A Good Debate: Ground Control

Opening Arguments

Summer 2018



A robust copper-nickel industry can also be environmentally responsible

By Frank Ongaro


Minnesota must update safety standards to prevent mind waste disasters

By Kevin Lee


To depend on copper-nickel mining to spur economic development is unsustainable and shortsighted

By Michelle Lee


Responsible copper-nickel mining is essential to Minnesota’s economic future

By Nancy Norr

Each quarterly issue of Citizens League Voice will feature a section that involves bringing people together to share their differing opinions on a timely issue. We started with Just the Facts, designed to provide objective context for a specific question or area of disagreement.

What follows now are the Opening Arguments, written by policymakers, academics, and engaged community members representing a wide range of opinion and expertise.

Opening Arguments

Safe and Sound

A robust copper-nickel industry can also be environmentally responsible

By Frank Ongaro

Minnesota is a mining state. We are blessed to have an abundance of mineral resources. At well over four billion tons, our deposit of base and precious metals is one of the worldʼs largest, representing a significant percentage of the domestic supply of these minerals.

From plumbing and electrical to automobiles and cell phones, these metals are used in many aspects of our daily lives. According to the Minerals Education Coalition, every baby born in the United States in 2017 will consume a lifetime total of 3.188 million pounds of minerals, metals, and fuels.

Over the last decade, several Minnesota companies have worked to create safe, sustainable practices that will help the state stay true to its traditions and become a profitable player in the marketplace. Along the way, we’ve fielded queries from those opposed to mineral development due to concerns about protect­ing water resources, the need for environmental safeguards, how to responsibly pursue reclamation after mining is completed, and whether or not taxpayers will be on the hook when modifications or mistakes are made along the way. These are all issues worthy of discussion. We all want to protect our clean air and water for our children and grandchildren.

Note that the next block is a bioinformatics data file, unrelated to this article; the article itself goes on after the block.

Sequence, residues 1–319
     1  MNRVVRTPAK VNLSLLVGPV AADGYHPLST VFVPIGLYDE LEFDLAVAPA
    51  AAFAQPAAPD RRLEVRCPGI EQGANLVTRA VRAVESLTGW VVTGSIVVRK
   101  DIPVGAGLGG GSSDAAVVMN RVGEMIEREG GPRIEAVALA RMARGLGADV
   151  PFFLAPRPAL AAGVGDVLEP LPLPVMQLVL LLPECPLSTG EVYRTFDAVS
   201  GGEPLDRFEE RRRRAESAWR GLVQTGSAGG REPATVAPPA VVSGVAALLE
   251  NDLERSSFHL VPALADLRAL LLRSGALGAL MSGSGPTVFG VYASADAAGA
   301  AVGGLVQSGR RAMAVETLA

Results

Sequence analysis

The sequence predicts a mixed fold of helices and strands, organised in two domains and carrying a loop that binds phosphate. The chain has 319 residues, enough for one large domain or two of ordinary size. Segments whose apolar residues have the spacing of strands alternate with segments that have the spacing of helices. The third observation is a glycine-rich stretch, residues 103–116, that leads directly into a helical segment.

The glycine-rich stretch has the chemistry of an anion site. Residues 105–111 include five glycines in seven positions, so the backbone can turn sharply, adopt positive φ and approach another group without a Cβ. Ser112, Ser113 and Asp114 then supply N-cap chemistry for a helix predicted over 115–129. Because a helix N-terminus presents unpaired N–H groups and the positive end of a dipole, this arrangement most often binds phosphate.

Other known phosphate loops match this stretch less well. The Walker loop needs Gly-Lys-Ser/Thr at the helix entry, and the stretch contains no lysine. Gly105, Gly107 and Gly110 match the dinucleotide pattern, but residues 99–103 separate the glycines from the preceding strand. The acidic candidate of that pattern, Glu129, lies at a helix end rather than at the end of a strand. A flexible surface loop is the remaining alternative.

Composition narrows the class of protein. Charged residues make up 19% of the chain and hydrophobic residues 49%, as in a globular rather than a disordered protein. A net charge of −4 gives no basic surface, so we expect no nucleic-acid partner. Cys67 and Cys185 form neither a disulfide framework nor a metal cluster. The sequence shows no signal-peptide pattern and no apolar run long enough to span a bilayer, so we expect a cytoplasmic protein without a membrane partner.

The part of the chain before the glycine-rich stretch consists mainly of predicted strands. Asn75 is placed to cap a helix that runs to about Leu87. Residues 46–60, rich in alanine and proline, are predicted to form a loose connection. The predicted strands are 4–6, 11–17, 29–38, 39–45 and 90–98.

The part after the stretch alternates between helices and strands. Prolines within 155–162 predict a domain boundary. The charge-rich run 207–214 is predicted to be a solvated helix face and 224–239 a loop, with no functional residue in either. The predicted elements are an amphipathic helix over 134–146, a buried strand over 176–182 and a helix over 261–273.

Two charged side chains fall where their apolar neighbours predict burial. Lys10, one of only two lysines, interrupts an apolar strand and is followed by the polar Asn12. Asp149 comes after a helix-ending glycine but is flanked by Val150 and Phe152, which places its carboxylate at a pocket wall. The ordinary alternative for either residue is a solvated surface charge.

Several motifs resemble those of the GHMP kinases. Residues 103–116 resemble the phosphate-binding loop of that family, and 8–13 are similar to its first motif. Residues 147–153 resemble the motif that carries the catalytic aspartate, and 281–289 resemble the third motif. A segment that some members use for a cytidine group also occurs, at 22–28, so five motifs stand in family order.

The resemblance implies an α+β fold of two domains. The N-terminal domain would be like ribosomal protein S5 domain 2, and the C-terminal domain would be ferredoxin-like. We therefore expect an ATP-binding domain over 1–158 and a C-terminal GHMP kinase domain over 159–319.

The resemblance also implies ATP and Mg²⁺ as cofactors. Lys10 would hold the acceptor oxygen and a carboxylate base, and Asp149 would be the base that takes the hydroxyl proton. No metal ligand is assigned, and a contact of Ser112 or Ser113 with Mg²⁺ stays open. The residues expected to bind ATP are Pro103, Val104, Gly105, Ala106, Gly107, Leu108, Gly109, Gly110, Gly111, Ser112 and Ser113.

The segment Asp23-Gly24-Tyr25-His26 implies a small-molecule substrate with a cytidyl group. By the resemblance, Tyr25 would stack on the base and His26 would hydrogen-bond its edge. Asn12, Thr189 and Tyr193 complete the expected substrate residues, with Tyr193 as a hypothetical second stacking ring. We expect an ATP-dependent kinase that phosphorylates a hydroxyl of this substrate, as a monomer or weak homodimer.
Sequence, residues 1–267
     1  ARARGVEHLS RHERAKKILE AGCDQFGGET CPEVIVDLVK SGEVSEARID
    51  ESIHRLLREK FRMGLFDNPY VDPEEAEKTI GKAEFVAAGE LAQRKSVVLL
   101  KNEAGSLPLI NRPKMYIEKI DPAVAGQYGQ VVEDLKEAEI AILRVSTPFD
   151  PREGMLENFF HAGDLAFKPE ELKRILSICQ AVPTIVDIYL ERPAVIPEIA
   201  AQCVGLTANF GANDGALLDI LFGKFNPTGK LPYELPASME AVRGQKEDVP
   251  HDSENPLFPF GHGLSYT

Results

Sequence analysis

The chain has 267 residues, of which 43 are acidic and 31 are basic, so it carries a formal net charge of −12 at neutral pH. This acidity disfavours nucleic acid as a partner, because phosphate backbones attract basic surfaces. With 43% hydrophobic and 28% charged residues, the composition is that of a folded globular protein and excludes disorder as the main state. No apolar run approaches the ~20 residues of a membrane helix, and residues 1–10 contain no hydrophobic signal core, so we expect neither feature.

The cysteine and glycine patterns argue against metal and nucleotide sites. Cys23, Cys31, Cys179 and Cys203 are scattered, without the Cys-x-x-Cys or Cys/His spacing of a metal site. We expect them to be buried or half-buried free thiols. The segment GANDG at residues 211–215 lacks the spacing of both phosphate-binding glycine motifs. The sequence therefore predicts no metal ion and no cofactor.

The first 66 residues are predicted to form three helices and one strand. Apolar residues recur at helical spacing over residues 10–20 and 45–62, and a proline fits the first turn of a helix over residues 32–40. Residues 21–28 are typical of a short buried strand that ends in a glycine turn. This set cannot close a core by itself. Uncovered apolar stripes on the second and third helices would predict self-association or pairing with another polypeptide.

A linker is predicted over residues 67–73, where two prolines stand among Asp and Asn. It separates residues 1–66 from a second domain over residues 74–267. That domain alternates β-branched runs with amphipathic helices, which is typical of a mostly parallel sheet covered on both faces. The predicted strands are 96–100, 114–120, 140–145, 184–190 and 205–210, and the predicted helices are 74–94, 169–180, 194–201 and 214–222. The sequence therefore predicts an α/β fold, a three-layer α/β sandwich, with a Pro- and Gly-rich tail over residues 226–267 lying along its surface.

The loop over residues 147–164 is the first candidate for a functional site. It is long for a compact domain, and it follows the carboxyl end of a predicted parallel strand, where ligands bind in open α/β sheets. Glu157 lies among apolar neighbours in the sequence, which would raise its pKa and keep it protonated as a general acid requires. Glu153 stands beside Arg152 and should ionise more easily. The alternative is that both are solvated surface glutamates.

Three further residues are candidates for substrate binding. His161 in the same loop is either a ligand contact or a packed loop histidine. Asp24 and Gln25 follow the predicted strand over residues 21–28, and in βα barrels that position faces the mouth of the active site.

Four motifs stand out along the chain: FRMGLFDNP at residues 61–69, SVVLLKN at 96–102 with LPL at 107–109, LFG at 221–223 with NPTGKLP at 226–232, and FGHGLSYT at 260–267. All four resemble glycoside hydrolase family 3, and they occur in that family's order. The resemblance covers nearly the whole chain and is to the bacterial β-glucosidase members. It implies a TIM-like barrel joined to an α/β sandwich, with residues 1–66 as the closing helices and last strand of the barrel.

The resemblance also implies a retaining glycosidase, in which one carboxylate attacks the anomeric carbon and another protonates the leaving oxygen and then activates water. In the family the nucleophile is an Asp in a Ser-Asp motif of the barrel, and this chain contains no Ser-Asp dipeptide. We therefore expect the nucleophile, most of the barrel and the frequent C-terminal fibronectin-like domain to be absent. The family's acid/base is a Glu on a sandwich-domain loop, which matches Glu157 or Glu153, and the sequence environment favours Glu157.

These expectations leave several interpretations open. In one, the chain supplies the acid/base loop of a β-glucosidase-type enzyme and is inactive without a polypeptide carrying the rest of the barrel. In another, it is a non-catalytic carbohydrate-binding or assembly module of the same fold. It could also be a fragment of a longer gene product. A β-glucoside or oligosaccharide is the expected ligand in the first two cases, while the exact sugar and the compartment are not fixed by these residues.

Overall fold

Ultimately, the central precept underlying each question is whether or not Minnesota can enjoy both mining growth and a healthy environment. And the answer is an unequivocal yes.

From mineral exploration to mine closure, the state and fed­eral governments require environmental review and adherence to strict standards to protect our air, water, land, and taxpayers.

Thanks to the rigorous and well-established National Environ­mental Policy Act (NEPA) and Minnesota Environmental Policy Act (MEPA), no proposed mining project in Minnesota can move forward unless state and federal regulatory agencies deter­mine that it meets strict environmental protection standards. NEPA and MEPA also ensure that impacted communities and other concerned citizens have the opportunity to review and comment on specific proposals.

Additionally, the Minnesota Pollution Control Agency and the U.S. Environmental Protection Agency compel companies to comply with multiple water quality standards to assure clean and safe water. The Minnesota Department of Natural Re­sources, U.S. Army Corps of Engineers, U.S. Forest Service, and Bureau of Land Management also require a thorough environ­mental review of potential impacts before permits are issued. Reclamation of all mining and processing activity is mandated and provisions for post-closure maintenance are in place to elimi­nate the potential for water quality problems. These agencies also have authority to require corrective actions to remedy any issues.

Taxpayers are protected and will not be on the hook for paying for anything that is the financial responsibility of mining companies. Minnesota requires state-managed and annually adjusted bankruptcy-proof financial assurance to cover any possible costs before permits can be issued, and a permit can be revoked if a company does not comply.

In fact, when the state begins to responsibly tap its natural re­sources, Minnesota taxpayers across the state will directly benefit. In studies conducted by the University of Minnesota–Duluth, the projected positive economic impact of future environmentally responsible copper-nickel mining projects includes the creation of more than 5,000 jobs related to mining operations, 12,000 jobs related to mining construction, $1.5 billion in annual wages, and more than $2.5 billion in annual economic production. Payroll and sales taxes for Minnesota, net proceed taxes for local governments, and royalties to the School Trust Fund provide revenue to every school district in Minnesota.

Keep in mind, copper and nickel production, when thought­fully pursued, can be as safe as it is successful. The Flambeau Mine across our state border is an excellent example of a copper mine that operated and closed in full compliance with Wiscon­sin laws. In addition, Eagle Mine in Michigan’s Upper Peninsula is operating and safely producing nickel and copper.

“We cannot ignore the fact that mining is essential to our nation’s desire for alternative sources of energy. We need these metals if we want a green economy”

What’s more, we cannot ignore the fact that mining is essential to our nation’s desire for alternative sources of energy. We need these metals if we want a green economy. The largest wind turbines require four tons of copper, and electric vehicles can have as much as twice the amounts of copper and nickel as a regular automobile.